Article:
On Wednesday 29 March, Article 50 of the Treaty of Lisbon was triggered, formally notifying the EU that the UK intends to withdraw from membership and starting the clock for leaving negotiations. The Association of Investment Companies (AIC) collated the following views of investment company managers on whether this will impact how they manage their portfolios and the outlook for UK and European markets.
Biggest investment planning challenge over the coming years for all investors
Brexit has created an air of uncertainty, and no one really knows what’s coming next or what it could all mean in the long term. On 29 March, Prime Minister Theresa May triggered Article 50 of the Lisbon Treaty in a letter to EU Council President Donald Tusk, starting two years of divorce proceedings.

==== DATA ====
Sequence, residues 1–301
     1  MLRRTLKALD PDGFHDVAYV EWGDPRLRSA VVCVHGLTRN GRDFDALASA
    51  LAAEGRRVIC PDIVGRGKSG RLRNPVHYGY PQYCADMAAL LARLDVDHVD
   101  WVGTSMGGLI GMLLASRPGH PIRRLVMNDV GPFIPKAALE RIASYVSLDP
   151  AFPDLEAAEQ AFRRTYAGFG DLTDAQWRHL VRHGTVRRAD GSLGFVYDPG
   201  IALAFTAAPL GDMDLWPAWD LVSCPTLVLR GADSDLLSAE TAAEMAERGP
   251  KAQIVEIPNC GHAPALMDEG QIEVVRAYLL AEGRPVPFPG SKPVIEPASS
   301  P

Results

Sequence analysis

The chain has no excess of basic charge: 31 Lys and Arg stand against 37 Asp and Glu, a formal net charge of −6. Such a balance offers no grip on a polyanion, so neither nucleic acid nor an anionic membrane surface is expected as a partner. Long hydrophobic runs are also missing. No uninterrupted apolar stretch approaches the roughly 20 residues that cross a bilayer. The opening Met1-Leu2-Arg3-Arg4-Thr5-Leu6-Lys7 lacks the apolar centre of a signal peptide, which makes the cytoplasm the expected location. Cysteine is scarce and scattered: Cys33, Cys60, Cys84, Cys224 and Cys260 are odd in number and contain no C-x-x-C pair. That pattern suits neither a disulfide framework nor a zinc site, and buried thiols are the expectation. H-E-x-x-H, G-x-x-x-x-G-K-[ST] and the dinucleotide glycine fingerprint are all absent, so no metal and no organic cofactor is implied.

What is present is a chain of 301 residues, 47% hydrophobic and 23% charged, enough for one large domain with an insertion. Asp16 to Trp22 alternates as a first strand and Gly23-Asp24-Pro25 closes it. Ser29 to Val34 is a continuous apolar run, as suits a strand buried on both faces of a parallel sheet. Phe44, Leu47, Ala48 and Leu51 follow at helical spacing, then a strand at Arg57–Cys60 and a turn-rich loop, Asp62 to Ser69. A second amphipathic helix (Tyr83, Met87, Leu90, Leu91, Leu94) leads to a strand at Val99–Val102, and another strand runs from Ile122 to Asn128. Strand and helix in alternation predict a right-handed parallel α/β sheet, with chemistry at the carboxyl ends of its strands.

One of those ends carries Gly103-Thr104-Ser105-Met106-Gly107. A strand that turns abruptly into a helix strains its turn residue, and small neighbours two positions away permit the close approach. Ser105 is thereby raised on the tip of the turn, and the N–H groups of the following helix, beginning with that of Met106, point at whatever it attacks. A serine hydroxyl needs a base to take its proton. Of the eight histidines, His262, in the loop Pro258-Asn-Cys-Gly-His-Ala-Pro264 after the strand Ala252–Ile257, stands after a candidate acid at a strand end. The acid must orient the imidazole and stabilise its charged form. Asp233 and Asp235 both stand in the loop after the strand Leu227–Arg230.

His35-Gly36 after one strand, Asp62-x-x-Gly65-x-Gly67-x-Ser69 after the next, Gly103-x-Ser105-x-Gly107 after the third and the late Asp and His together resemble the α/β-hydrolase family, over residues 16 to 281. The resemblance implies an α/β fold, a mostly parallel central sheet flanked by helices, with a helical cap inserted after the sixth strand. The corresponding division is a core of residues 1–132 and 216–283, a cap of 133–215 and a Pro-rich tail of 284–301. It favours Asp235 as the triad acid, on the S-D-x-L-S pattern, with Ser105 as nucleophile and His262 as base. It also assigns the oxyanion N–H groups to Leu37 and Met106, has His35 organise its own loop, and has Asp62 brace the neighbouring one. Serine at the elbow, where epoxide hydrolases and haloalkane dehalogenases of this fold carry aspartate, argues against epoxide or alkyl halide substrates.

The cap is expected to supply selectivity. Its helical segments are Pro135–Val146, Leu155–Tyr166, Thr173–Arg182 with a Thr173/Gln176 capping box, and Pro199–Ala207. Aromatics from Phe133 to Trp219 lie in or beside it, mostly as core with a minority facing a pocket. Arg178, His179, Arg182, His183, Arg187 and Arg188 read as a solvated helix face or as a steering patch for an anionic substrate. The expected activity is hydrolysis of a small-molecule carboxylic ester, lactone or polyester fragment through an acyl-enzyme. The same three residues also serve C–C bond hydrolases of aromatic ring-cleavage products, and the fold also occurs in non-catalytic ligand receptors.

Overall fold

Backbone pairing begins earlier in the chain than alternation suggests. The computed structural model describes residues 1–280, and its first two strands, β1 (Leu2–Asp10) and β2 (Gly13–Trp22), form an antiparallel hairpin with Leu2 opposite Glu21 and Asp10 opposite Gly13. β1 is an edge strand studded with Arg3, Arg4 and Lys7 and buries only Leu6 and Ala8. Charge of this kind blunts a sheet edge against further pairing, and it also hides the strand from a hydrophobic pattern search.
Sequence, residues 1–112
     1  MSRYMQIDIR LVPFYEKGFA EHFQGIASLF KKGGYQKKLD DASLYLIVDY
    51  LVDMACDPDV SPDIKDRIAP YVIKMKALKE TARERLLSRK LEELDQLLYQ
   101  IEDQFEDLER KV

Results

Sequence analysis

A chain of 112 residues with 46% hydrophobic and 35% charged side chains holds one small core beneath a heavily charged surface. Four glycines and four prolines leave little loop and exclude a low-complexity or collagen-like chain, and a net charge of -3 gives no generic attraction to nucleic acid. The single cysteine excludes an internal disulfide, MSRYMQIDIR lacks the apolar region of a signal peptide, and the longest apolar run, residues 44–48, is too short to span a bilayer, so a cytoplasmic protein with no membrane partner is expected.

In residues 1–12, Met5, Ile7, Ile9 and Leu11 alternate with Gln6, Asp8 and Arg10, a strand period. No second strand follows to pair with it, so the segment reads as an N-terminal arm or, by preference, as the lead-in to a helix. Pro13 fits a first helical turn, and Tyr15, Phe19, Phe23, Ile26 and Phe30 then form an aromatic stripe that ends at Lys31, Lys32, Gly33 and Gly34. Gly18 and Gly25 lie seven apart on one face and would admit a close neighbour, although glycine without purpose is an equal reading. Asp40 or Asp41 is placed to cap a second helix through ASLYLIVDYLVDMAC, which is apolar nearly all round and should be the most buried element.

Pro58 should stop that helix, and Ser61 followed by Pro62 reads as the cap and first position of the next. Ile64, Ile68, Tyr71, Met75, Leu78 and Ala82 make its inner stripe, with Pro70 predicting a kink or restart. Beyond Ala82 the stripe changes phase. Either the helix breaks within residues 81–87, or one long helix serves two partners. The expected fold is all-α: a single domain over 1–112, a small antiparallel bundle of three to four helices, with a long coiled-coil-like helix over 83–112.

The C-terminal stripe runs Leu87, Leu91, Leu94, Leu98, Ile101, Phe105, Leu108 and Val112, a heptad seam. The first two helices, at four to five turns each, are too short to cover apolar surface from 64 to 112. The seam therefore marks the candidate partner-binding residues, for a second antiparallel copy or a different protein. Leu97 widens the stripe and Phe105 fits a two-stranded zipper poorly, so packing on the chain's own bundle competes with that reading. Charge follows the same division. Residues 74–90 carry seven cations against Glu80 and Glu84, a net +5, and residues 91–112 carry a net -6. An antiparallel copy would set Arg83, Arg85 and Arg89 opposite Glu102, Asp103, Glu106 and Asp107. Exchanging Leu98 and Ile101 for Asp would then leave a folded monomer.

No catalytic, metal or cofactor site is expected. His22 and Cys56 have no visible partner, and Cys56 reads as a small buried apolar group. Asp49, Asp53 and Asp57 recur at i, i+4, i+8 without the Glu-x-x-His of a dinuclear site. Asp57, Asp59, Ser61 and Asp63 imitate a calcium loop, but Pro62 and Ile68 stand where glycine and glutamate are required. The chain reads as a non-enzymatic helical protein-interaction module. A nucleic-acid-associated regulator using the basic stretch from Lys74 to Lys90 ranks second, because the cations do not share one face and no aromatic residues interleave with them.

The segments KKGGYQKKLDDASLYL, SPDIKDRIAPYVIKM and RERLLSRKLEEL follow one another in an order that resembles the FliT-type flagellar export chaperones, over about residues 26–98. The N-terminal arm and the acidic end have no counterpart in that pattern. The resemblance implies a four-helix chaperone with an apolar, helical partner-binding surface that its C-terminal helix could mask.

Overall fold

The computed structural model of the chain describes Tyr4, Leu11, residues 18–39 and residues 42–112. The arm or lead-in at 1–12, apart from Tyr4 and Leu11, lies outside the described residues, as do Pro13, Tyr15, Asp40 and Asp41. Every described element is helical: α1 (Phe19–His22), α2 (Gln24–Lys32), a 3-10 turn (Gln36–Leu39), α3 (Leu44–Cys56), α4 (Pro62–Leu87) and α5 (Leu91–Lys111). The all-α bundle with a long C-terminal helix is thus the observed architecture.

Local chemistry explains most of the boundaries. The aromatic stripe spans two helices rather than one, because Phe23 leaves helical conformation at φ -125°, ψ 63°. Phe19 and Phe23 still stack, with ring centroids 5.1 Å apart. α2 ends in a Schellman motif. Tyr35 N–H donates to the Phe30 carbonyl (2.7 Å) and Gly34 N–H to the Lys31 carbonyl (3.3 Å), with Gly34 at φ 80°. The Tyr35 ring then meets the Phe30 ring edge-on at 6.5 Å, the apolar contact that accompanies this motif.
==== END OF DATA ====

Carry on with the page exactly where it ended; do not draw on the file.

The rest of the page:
Catalyse, or sabotage?
Supporters of the British vote to leave the European Union (EU) have heralded recent economic indicators as vindication that Brexit will act to catalyse, not sabotage, the UK economy. Before June’s referendum, most economists warned that a Brexit vote would damage economic growth – an argument at the heart of the unsuccessful Remain campaign.
For the UK to leave the European Union, it has to invoke an agreement called Article 50 of the Lisbon Treaty.
The Prime Minister, David Cameron, announced on Friday 24 June he would be stepping down as prime minister by October, and he or his successor will need to decide when to invoke Article 50 which sets in motion the formal legal process of withdrawing from the European Union and gives the UK a period of two years to negotiate its withdrawal.